Penguins may not be able to fly, but could they be joining some of their bird cousins in talking? Well, sort of. What’s fascinating for us about this study of penguins’ language patterns is how they align with our own. Mapping primates and other creatures behaviour helps us put our own in context and learn more.
Penguin vocal patterns follow the same principles as human linguistics, new research suggests.
The animals follow two main laws – that more frequently used words are briefer (Zipf’s law of brevity), and longer words are composed of extra but briefer syllables (Menzerath-Altmann law). Scientists say this is the first instance of these laws observed outside primates, suggesting an ecological pressure of brevity and efficiency in animal vocalisations.
Information compression is a general principle of human language: the most frequently-used language tends to be compressed, so that information can be shared quickly.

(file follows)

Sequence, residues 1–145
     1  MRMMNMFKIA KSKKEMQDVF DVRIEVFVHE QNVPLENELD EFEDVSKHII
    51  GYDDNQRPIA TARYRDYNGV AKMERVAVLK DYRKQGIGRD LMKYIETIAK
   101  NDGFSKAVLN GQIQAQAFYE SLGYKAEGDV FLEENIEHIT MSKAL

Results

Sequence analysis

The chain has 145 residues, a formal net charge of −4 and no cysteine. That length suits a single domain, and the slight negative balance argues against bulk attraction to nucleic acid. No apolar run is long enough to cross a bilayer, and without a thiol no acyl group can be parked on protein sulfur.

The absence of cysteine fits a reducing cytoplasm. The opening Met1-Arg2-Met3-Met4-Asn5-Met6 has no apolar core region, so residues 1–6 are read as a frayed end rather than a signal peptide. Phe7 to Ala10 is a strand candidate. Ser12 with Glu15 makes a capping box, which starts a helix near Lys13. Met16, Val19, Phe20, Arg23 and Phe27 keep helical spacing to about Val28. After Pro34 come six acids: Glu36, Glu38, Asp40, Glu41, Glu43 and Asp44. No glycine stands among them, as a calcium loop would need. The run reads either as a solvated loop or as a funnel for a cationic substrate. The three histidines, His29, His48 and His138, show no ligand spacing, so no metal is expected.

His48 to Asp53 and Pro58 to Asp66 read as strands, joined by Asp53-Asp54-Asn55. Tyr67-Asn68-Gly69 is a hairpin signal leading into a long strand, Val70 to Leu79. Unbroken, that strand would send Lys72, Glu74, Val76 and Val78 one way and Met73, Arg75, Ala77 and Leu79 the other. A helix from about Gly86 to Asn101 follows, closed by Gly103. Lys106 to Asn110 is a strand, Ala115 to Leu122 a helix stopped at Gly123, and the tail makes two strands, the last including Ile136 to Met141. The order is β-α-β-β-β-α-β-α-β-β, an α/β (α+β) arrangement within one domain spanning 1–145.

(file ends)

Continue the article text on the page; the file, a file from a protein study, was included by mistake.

ecological pressure of brevity and efficiency in animal vocalisations
According to the study published in the Biology Letters journal, display songs of the endangered African penguin conform to two linguistic laws, known as Zipf’s law of brevity and the Menzerath-Altmann law.
The research was led by the Equipe de Neuro-Ethologie Sensorielle of the University of Lyon/Saint-Etienne. Dr Livio Favaro, of the University of Torino, and colleagues say this is the first evidence of a non-primate species following these linguistic rules.